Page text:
Rabbi Jason Bonder
In last week’s Torah portion, Moses’ father-in-law Jethro was awestruck by Moses’ busy schedule.
The Torah tells us, “But when Moses’ father-in-law saw how much he had to do for the people, he said, ‘What is this thing that you are doing to the people? Why do you act alone, while all the people stand about you from morning until evening?’” (Exodus 18:14) Jethro tells Moses to get help from others. Moses’ time is too precious to hear every case.
This depiction of Moses overly pressed for time reminds me of a story told by David Litt, a speechwriter for President Barack Obama. In his Moth Mainstage story titled, “Have You Met Him Yet?” Litt tells of the time he handed Obama tangled earphones.
“I reached into my pocket and pulled out what looks like a hairball made out of wires. I don’t know what’s happened. I guess somewhere in that waiting room, I have just worried this thing into a hopeless tangle. And now I don’t know what to do, so I just hand the entire thing to the president of the United States. Now, if you work in the White House, you will hear the phrase, ‘There is no commodity on earth more valuable than the president’s time,’ which I always thought was a cliché. Until … I watched Barack Obama … untangle headphones…for thirty seconds … while looking directly at me.” (Bowles, Burns, Hixson, Jenness, Tellers, How to Tell A Story, p. 56)
Only the most important things reach the desks of top leaders. This is the lesson that Jethro teaches Moses. This is also why it is funny and cringeworthy to listen to Litt’s story. As we picture Obama untangling those headphones, we can so easily imagine better uses of the president’s time.
Since last week’s portion was about protecting Moses’ time, I see this portion as a way of protecting God’s time, with one very powerful exception.
Mishpatim begins with God giving Moses very detailed instructions. Many of these rules address scenarios regarding animals and property in which disputes between neighbors might arise. Especially coming on the heels of last week’s portion, I imagine that this is God carving out ways to save time as Moses did last week. Fewer cases before judges in the lower courts means less work for Moses. Less for Moses means it potentially frees up God’s calendar to do other things, like, for example, oversee all of existence.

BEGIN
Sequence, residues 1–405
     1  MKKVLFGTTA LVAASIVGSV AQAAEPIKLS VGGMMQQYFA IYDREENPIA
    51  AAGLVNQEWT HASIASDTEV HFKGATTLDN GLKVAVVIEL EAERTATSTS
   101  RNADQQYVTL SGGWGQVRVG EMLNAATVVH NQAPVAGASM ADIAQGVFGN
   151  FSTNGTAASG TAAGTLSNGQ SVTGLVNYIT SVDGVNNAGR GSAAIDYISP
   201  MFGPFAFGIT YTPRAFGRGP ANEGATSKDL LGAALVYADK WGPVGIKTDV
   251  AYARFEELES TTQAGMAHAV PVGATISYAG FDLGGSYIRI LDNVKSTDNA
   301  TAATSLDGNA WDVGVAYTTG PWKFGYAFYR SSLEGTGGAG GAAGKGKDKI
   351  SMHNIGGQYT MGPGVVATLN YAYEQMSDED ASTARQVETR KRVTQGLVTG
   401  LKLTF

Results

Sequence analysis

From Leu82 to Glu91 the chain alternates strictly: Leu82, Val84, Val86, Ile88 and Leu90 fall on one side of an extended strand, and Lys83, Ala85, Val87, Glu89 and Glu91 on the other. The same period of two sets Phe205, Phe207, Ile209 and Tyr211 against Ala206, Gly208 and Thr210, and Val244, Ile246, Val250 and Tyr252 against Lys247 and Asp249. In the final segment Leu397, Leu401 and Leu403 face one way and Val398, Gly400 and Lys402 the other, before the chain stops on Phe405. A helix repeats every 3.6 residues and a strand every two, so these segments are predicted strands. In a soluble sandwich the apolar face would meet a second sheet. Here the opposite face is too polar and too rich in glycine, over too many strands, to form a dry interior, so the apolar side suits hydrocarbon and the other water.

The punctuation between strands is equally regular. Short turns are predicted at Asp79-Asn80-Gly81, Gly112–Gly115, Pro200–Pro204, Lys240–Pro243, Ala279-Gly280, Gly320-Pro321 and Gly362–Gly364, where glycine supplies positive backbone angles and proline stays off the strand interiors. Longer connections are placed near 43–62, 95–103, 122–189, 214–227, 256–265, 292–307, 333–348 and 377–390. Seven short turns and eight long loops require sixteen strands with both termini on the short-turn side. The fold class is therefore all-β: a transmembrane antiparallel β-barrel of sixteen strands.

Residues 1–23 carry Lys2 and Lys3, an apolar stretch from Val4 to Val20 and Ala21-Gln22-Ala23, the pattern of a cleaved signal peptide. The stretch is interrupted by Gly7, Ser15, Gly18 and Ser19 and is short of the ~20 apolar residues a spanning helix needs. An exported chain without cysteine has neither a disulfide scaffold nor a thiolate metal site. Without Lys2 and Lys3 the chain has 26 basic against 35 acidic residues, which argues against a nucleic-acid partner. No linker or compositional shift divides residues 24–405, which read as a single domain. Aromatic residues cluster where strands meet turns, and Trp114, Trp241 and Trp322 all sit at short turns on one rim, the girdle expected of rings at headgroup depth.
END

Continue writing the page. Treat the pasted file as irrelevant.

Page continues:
Nevertheless, just as we settle into thinking that God can’t be bothered with the everyday things, we find the following verses. “You shall not ill-treat any widow or orphan. If you do mistreat them, I will heed their outcry as soon as they cry out to Me.” (Exodus 22:21-22)
This is part of a larger trend in the Torah. God makes time for those that suffer. God tells Cain, “Your brother’s blood cries out to Me from the ground!” (Genesis 4:10) God tells Moses, “I have marked well the plight of My people in Egypt and have heeded their outcry because of their taskmasters; yes, I am mindful of their sufferings.” (Exodus 3:7) Again we are reminded this week that when the victim, the oppressed or the disenfranchised call out to God, God listens.
Does God truly heed the cries of sufferers? That is a theological debate that likely none of our schedules can accommodate. Furthermore, I don’t believe that is why the Torah says this. Rather than a statement about the Almighty, I see in these verses a challenge to those of us who are not as busy as God, Moses and the president. If the Almighty hears the cries of those in need, how much more so should we, regular folks, make time for those who are suffering?
Moses made room in his schedule by appointing more judges. Litt, presumably, untangled the headphones before heading into the Oval Office every time after that first encounter.
But for the rest of us, appointments and tech are not the answer to making time for those who suffer. We can find our first step, rather, in God’s response to suffering. If God listens, we can too. Shma Yisrael. Listen, O Israel.
Rabbi Jason Bonder is the associate rabbi at Congregation Beth Or in Maple Glen. The Board of Rabbis of Greater Philadelphia is proud to provide diverse perspectives on Torah commentary for the Jewish Exponent. The opinions expressed in this column are the author’s own and do not reflect the view of the Board of Rabbis.